Don vs Ron: Why Trump beats DeSantis in the 2024 race

WASHINGTON: He’s young, scandal-free and a darling of conservatives for his adherence to an “anti-reawakening” agenda that fueled his meteoric rise in the Republican Party.
Yet Governor of Florida Ron DeSantis has failed to put a glove on Donald Trump in the race to challenge Democratic incumbent Joe Biden for the White House in 2024 – baffling observers who view the former president as more vulnerable than ever.
On paper, the nomination should be a stretch for Trump, who has been impeached twice in a single term, has lost ground to Republicans in three election cycles and is mired in criminal and civil investigations into alleged misconduct. .
But the 76-year-old Republican primary favorite baffled his critics, opening up a double-digit lead over his former protege as DeSantis failed to capitalize on doubts over Trump’s eligibility.
Due to officially launch his campaign any day, DeSantis has marketed himself to the Republican establishment as a less chaotic avatar of Trumpism than Trump himself.
The governor won a landslide re-election last year in what was until recently considered a swing state, and has won applause from the right for clashing with Florida liberals on immigration, gun rights and fire and education.
But a number of missteps have raised red flags about the 44-year-old former military officer’s preparation for national office.
A bitter and avoidable row with Florida’s biggest employer, Disney, over its policies has baffled champions of free-market capitalism, while a six-week abortion ban it enacted has made fear to the moderates that he is disconnected from public opinion.
DeSantis has also been accused of appearing light on foreign policy, taking jabs for downplaying Russia’s invasion of Ukraine and giving ‘low power’ speeches during a recent trip to Britain.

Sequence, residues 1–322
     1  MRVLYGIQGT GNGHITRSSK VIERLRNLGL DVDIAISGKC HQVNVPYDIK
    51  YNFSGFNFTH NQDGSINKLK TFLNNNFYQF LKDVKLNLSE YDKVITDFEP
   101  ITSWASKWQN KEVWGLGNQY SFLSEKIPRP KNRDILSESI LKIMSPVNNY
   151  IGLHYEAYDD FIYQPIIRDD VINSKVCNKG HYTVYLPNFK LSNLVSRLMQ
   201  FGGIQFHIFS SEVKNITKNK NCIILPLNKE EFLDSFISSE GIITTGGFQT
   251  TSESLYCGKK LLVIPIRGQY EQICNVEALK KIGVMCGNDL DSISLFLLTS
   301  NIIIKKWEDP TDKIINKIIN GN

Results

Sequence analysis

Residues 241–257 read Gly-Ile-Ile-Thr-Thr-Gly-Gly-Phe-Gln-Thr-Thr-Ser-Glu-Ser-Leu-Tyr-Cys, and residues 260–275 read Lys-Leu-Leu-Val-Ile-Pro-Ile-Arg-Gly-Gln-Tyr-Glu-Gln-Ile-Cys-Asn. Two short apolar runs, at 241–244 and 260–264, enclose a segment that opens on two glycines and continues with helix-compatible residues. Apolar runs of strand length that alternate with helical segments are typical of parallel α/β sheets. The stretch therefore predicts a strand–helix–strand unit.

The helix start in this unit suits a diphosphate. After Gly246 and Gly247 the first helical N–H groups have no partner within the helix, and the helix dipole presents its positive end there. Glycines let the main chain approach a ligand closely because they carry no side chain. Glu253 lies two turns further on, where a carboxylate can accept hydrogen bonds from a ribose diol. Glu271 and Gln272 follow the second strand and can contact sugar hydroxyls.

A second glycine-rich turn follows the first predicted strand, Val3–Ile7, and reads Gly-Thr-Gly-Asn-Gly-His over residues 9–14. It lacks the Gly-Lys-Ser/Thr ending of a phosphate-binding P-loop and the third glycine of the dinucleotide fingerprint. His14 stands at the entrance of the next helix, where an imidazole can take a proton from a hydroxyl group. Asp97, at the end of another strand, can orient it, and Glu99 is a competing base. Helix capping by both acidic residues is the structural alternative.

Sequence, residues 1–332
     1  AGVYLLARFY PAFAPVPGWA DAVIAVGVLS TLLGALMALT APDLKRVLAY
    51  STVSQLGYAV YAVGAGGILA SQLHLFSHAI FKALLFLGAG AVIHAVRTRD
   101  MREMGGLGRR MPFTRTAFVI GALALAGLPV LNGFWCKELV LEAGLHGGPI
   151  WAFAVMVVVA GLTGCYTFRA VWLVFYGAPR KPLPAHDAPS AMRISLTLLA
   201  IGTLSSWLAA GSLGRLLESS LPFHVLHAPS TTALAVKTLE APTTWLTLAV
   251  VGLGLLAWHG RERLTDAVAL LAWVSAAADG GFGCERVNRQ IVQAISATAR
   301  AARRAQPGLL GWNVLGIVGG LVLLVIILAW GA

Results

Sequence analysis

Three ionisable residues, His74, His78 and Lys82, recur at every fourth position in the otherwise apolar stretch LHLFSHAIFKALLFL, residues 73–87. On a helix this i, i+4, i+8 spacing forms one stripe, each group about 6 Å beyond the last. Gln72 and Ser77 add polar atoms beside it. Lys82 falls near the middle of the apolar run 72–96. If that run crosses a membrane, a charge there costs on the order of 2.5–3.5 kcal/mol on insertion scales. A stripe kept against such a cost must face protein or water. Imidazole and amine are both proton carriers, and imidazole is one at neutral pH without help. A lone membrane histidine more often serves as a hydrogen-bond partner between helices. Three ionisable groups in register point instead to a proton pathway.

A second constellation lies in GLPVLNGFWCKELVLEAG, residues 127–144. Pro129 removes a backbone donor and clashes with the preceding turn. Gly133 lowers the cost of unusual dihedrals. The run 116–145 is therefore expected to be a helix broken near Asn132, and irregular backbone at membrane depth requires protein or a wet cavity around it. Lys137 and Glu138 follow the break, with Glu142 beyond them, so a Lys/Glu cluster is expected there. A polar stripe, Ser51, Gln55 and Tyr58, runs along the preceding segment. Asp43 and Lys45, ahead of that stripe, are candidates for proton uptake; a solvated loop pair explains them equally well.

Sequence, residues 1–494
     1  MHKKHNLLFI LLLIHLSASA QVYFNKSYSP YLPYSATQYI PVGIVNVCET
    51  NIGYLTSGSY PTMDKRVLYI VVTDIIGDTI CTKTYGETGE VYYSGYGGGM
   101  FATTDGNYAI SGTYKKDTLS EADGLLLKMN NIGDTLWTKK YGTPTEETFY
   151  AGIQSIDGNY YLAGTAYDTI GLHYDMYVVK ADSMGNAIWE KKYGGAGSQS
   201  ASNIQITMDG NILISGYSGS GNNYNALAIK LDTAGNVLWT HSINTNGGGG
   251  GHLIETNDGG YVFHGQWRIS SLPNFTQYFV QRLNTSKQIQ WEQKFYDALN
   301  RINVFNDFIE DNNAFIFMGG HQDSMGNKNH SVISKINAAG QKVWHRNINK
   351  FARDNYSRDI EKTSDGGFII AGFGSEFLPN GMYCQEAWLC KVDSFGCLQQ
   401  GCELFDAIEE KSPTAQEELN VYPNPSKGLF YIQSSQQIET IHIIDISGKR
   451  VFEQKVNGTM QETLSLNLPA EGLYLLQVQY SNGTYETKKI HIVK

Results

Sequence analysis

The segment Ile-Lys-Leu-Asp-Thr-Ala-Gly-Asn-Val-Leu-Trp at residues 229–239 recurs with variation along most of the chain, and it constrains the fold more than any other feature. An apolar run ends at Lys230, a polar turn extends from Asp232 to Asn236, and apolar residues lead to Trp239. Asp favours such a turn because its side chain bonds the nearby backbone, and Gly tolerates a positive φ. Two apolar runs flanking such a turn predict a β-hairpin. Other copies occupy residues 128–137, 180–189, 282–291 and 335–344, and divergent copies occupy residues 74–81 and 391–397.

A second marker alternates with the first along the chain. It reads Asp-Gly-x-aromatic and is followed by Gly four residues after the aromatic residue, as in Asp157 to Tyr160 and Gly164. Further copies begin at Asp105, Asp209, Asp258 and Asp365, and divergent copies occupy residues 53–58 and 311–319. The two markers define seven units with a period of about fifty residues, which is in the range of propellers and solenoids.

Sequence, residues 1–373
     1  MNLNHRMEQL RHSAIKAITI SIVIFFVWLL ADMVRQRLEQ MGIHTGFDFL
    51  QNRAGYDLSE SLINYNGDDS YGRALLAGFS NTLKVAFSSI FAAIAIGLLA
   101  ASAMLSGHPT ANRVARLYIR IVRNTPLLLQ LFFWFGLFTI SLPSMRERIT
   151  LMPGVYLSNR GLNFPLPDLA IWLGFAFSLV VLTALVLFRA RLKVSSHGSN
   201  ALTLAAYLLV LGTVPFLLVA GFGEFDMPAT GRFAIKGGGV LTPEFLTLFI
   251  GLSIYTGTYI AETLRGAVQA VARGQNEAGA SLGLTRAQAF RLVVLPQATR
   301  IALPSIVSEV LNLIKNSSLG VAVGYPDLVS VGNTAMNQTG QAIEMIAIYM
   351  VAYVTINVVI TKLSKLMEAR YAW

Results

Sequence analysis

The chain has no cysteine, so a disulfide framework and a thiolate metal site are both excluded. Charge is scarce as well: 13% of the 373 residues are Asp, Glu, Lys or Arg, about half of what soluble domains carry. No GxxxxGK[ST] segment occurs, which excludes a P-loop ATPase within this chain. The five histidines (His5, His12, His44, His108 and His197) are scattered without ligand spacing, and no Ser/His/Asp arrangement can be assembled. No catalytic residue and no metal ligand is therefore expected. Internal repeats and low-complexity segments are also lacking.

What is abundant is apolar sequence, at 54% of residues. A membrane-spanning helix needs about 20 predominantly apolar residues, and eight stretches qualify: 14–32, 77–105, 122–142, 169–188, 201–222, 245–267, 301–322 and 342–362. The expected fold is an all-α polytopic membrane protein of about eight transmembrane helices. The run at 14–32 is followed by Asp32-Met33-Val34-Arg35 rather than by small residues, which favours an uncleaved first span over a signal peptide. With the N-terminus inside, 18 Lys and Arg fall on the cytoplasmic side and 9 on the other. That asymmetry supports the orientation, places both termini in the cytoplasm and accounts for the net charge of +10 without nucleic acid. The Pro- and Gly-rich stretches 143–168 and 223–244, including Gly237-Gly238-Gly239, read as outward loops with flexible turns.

CNN political analyst Harry Enten suggested that DeSantis would pin his hopes on his official launch by restarting a campaign that is floundering before it has even come out of the blocks.
“If not, this could end up being one of the most boring presidential primary seasons of the modern era, given Biden and Trump’s significant advantages,” Enten said in a recent comment. .
Still, the momentum is definitely going against DeSantis, who saw Trump’s 15-point lead at the end of March double in the most recent RealClearPolitics average of major polls.
It’s not just that DeSantis is backing down: Trump’s numbers have jumped from 40% to more than 50% since he was indicted for financial crimes in New York.
Despite this distraction — plus threats of a civil rape case and criminal investigations into allegations of election interference and mishandling of government records — Trump has shown focus and discipline during weeks of relentless attacks. against DeSantis.
The pro-Trump Make America Great Again political action committee spent millions this spring on ads disparaging DeSantis as a zealous social rights cutter.
In one particularly spectacular coup, Trump won the approval of most members of Florida’s congressional delegation while DeSantis was out of state, on a visit to Washington.
“On the campaign trail, as the scrutiny increased, DeSantis was less impressive than expected,” said Larry Sabato, a professor and political analyst at the University of Virginia.
“He doesn’t connect well with a lot of people, his speeches are sometimes unimpressive and he’s made some weird choices that have hurt him, like beating up on Disney – an American icon.”
Perhaps DeSantis’ biggest advantage is his fundraising. He is said to have a campaign war chest of up to $110 million, giving him deeper pockets than Trump’s campaign or any other potential rival.
But name recognition is worth more at the polls than cash and Trump – one of the world’s most famous faces – doesn’t have to spend a fortune to introduce himself to Americans.
Analysts are warning against DeSantis’ tally just yet, pointing to his popularity among suburban voters that Republicans desperately need in the upcoming election.
And his supporters make a broader eligibility argument — that the governor can beat Biden when there may be no White House return for Trump.
“Governor DeSantis is a proven, effective leader,” New Hampshire Majority Leader Jason Osborne said in a recent endorsement touted by aides to the Florida governor.
“He has shown he has the determination to change broken systems and fight radical agendas that try to undermine our society.”


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